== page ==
approval twice, it must adopt a contingent budget with NO INCREASE
in the tax levy. In other words, Shenendehowa would have to cut an
additional $3.2 million from its proposed budget which translates
to approximately 70 reductions in positions.
Other aspects of the contingency budget rules would stay the same meaning that all non-contingency expenses must be removed. This includes: student supplies, community use of buildings and grounds, certain equipment purchases and certain salary increases (typically non-contractual increases).
Proposition for Bus Replacement:
In an ongoing effort to keep the bus fleet in safe working condition and decrease maintenance costs, the district is asking residents to consider a proposition that would allow the district to acquire 19 buses.
The bus replacement proposition would cost $1,892,323, of which 63 percent would be reimbursed from state transportation aid and amounts to a 0.17 percent tax rate increase that would not take effect until 2013-14.
Two of the seven seats on the Board of Education are up for election. Each seat carries a three-year term.
• William Acker, of Rexford, is seeking his second term on the board. He is currently employed at New York Battery and Energy Storage Technology Consortium. He has a bachelor’s degree in physics from RPI (Rensselaer Polytechnic Institute) and a Ph.D. in applied physics and engineering from Yale University. He and his wife have two children who attend Shen.
• Janet Grey, of Clifton Park, is seeking her fourth term on the board. She is currently employed at Grey Insurance and Financial Services. She holds a bachelor’s degree in psychology and sociology from SUNY Oswego. She has also completed post-graduate coursework in human resource management. She and her husband have two children; one attends Shen and one graduated from Shen.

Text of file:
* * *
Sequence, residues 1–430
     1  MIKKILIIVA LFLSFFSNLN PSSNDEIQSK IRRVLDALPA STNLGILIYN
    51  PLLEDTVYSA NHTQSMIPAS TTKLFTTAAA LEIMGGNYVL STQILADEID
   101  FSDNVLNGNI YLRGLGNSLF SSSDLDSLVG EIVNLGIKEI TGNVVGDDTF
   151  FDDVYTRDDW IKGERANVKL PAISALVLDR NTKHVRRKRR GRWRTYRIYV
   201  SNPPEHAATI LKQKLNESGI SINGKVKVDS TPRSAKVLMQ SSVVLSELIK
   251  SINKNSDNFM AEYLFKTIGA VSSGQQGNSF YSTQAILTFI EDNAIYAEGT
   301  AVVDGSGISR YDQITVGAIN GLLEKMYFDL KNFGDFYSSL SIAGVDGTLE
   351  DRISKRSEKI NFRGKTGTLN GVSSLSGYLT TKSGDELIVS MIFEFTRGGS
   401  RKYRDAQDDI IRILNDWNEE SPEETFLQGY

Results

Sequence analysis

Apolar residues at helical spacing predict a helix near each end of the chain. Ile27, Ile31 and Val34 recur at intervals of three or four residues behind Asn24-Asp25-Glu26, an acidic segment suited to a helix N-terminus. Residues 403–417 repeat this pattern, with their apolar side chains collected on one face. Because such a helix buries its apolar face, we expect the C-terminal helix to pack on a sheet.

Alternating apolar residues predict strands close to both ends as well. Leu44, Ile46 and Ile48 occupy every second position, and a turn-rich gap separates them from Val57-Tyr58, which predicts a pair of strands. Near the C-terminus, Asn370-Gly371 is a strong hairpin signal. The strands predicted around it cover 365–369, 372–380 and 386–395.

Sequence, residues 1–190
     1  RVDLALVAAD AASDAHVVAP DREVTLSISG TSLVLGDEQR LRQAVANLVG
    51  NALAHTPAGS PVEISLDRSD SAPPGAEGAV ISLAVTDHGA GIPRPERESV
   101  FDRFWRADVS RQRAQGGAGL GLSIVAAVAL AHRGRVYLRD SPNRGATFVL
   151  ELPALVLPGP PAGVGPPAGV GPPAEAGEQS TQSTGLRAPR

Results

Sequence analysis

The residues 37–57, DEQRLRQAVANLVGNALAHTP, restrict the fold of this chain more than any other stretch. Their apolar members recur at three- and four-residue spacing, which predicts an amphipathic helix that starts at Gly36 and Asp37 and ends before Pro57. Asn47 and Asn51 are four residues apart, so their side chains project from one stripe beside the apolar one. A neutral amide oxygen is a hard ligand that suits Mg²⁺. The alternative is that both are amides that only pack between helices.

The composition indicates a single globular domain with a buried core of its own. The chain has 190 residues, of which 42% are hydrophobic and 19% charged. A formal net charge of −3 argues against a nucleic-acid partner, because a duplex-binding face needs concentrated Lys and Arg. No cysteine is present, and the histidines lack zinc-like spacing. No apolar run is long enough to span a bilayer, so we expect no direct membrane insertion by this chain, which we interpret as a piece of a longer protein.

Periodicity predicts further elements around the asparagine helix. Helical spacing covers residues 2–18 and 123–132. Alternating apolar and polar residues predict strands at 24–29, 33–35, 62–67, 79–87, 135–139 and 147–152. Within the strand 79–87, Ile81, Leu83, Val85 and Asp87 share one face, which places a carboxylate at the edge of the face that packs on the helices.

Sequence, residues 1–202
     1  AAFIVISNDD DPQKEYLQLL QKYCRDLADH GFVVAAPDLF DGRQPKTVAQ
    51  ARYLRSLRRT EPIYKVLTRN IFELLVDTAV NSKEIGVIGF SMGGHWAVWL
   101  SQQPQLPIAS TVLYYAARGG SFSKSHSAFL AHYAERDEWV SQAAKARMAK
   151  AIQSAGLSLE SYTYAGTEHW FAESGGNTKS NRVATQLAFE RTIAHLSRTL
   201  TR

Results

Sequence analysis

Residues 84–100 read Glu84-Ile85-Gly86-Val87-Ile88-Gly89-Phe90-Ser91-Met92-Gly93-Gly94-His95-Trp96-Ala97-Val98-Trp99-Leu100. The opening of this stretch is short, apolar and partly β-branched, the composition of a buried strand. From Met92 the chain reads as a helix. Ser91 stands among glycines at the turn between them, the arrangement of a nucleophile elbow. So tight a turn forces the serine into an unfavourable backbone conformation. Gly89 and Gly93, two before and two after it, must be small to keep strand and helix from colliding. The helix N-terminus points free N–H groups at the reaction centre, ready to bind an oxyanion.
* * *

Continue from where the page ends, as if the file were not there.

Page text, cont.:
• Anthony Morelli, of Clifton Park, is seeking his first term on the board. He is currently employed at General Electric. He has a bachelor’s degree in biology from RPI (Rensselaer Polytechnic Institute) a MBA degree from George Washington University and a J.D. from Albany Law School. He and his wife have three children; two attend Shen and one is in pre-school.
• Robert Pressly, of Rexford, is seeking his first term on the board. He is currently employed at Momentive Performance Materials and is retired from the U.S. Marine Corps Reserve. He has a bachelor’s degree in Control Systems Engineering from the U.S. Naval Academy and a master’s degree in public administration from the University of Oklahoma. He and his wife have two children who attend Shen.
You are eligible to vote if you are a U.S. citizen, 18 years or
older and have been a Shenendehowa district resident for at least
30 days prior to the vote. No preregistration is required.
Official personal identification with photo is required. It is a
crime to falsify votes (i.e., voting twice, false identification).
Absentee ballots may be used by any resident who will not be available to come to the campus to vote. They are available at the district office, 5 Chelsea Place, Clifton Park. For information, call the district clerk at 881-0623.
Gowana Middle School is located on Shen’s main campus. Enter the campus using the Route 146 entrance, bear left. Gowana is on the right.
At the March 20th Board of Education meeting the administration presented information on the Revenue Analysis, Fund Balance, Debt Service and the Bus Purchase Resolution. Click here to view the Powerpoint presentation. View the video of the Board meeting, March 20, 2012
Two seats on Shenendehowa's Board of Education
are up for election on May 15 each carry a three-year term. The
deadline for petitions is April 16.
Education law requires that a candidate provide a petition signed by at least 122 qualified voters (2% of the number of residents who voted in the last district election). Candidates may pick up petitions at the district clerk's office at 5 Chelsea Place. Petitions must be received by the district clerk no later than 4 p.m. on April 16, 2012. To qualify, candidates must be a U.S. citizen, a resident of the district for at least one year prior to the election, and at least 18 years old.